Professional Checking Fixture Maker


Wittmann Battenfeld targets medical sector


EcoPower machine in a clean room set-up

Wittmann Battenfeld has installed a clean room at its plant in Kottingbrunn, Austria, as part of a concerted move to target its all-electric injection moulding machines at the medical technology market. The company has set up a dedicated product group for the medical market, said Georg Tinschert, managing director of Wittmann Battenfeld, at Fakuma 2015.

The company decided to roll out a medical version of the all-electric EcoPower machine first, and then qualify it in a clean room. A Class 6 clean room from Max Petek Reinraumtechnik, Germany, was installed at the Kottingbrunn facility, and the machine was thoroughly examined there.

Tinschert said Wittmann Battenfeld had compiled GMP (good manufacturing practice) standard machine documentation for EcoPower medical machines, which is a prerequisite of meeting market demands in respect of machine capability documentation and software.

Wittmann Battenfeld said: “The clean room measurements are carried out under both dry running and production conditions, to obtain as clear and accurate results as possible concerning the equipment’s emissions. The installation of the clean room now gives the company’s customers an opportunity to carry out production tests for tooling acceptance at the Kottingbrunn facility under real conditions.”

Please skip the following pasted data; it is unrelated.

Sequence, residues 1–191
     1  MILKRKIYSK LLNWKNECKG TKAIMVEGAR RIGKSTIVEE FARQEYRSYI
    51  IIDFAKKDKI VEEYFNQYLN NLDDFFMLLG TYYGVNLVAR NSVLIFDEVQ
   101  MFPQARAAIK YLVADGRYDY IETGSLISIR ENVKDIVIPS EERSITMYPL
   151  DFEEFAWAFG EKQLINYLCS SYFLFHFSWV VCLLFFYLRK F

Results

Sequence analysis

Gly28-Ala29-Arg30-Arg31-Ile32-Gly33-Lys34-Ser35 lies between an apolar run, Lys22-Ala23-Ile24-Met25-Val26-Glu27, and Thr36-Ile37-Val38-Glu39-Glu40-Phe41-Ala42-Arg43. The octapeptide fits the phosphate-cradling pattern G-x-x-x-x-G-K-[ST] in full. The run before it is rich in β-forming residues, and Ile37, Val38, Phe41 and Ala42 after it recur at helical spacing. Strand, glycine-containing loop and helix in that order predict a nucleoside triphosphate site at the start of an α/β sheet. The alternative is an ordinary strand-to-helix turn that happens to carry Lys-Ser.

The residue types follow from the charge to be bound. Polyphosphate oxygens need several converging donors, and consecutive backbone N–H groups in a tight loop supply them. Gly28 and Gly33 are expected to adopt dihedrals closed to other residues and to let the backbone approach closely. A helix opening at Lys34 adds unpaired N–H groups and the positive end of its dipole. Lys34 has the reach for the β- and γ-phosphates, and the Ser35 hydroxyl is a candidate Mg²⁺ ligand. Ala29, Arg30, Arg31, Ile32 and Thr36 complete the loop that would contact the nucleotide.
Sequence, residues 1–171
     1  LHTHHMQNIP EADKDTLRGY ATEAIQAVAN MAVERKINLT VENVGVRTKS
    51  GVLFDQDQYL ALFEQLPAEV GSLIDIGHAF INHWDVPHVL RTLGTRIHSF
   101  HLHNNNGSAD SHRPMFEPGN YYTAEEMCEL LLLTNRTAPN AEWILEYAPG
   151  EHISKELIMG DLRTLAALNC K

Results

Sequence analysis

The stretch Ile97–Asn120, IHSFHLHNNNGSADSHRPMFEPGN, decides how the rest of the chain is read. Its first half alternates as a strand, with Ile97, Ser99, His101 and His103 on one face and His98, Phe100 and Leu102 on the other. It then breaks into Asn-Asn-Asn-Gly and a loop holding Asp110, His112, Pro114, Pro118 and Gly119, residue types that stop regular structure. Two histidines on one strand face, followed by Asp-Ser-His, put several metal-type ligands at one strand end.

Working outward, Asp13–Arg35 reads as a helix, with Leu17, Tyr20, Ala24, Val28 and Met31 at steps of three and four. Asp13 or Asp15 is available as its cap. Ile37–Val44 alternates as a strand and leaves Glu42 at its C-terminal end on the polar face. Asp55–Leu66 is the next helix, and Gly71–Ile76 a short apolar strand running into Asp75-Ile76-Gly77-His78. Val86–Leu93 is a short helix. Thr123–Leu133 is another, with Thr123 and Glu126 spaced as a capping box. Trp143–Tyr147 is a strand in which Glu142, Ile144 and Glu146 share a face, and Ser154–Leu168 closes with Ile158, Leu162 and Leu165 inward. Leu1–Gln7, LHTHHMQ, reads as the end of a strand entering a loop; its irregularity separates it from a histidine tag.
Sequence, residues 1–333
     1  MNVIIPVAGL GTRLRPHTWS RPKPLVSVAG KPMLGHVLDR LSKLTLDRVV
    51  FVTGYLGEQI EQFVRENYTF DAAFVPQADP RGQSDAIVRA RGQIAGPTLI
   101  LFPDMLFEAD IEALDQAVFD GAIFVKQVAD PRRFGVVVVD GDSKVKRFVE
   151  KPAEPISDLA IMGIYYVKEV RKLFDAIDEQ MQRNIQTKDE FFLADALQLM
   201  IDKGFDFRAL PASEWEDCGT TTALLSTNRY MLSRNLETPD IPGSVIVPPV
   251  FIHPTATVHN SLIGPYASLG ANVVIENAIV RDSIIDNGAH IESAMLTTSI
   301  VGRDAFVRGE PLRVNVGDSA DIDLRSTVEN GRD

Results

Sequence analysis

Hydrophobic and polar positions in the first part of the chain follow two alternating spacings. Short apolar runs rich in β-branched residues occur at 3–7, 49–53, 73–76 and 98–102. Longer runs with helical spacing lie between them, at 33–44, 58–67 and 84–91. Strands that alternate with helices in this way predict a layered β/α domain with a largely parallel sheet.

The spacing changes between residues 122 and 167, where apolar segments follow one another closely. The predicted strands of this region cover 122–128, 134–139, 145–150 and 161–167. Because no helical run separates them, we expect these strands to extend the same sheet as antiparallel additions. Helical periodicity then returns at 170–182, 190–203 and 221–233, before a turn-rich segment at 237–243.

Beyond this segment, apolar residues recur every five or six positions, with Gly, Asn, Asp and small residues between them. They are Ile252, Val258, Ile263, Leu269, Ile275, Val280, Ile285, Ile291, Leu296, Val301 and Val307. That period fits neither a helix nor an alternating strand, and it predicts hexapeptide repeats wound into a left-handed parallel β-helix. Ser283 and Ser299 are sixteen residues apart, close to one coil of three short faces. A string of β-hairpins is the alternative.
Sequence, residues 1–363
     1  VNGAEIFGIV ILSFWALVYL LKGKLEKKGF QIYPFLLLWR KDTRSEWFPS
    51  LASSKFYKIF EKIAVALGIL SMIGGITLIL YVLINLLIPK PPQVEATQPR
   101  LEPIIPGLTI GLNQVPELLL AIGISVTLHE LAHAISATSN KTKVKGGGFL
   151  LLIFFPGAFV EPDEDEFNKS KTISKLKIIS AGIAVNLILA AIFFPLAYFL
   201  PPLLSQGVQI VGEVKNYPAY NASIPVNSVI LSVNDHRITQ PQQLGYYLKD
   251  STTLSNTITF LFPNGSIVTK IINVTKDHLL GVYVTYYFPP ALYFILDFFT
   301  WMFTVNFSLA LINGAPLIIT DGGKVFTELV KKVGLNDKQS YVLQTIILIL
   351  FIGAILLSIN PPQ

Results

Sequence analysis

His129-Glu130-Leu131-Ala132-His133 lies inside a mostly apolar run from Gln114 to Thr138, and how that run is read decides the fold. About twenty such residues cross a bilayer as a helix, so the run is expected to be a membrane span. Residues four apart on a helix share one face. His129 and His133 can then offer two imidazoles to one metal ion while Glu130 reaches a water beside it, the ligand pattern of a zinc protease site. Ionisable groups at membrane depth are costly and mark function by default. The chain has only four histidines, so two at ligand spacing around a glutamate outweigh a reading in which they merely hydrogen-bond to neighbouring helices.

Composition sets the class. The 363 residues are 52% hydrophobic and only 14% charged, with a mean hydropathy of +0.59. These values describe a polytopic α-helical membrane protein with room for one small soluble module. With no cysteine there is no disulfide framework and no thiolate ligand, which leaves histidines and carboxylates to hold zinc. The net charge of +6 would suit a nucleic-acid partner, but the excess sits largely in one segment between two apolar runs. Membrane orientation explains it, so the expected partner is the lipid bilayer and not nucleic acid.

At Fakuma, a medical EcoPower 110/350 machine was shown moulding a contact lens tray made of PP, with an encapsulated clean room conveyor belt from Max Petek mounted below the clamping unit. Good and bad parts are separated and fall freely onto the conveyor belt which transports them to a laminar flow workstation.

The medical package developed by Wittmann Battenfeld for the all-electric EcoPower clean room model has a number of features. Special attention was paid to optimising the interior mould space, which has smooth surfaces, stainless steel covers and covered guide rails. The exhaust air conduits of the pneumatic valves are bundled and guided out of the clean room.

Other features of the machine required for medical applications include a water cooling system with a closed cooling circuit, special alcohol- and solvent-resistant paint, nickel-coated clamping plates with covered threaded drillings and a laminar flow box, which supplies air with low particle content to the interior mould space.

Wittmann Battenfeld said all openings in the mould area and the threading of the clamping plates are covered. The barrel insulation also minimises emissions into the environment. Only food-grade lubricants are used in the machine.

At Fakuma, Wittmann Battenfeld showed another machine for the medical market. A MicroPower 15/10, in the medical technology version, demonstrated micro-moulding in a clean room set-up.

A connector part for a micro catheter, which is used for taking samples from peripheral tissue, was moulded in its own clean room production cell. This was equipped with a rotary disk, parts removal handling device, integrated quality inspection by image processing, as well as a cleanroom module, which produces Class 6 clean air according to the ISO 14644-1 standard. The parts are all injected, quality-inspected and deposited inside the clean room.

The micro catheter part is made of PEEK, weighs about 20 mg and measures 3 x 3 x 2 mm. It was produced with a single-cavity mould supplied by Ernst Wittner, based in Austria.

The micro catheter is manufactured by Biegler Medizin Elektronik in Austria for research organisation Joanneum Research to take measurements for drug development.

Wittmann Battenfeld also demonstrated its EcoPower and MicroPower medical moulding machines at the Compamed medical technology fair in Düsseldorf, Germany, in November.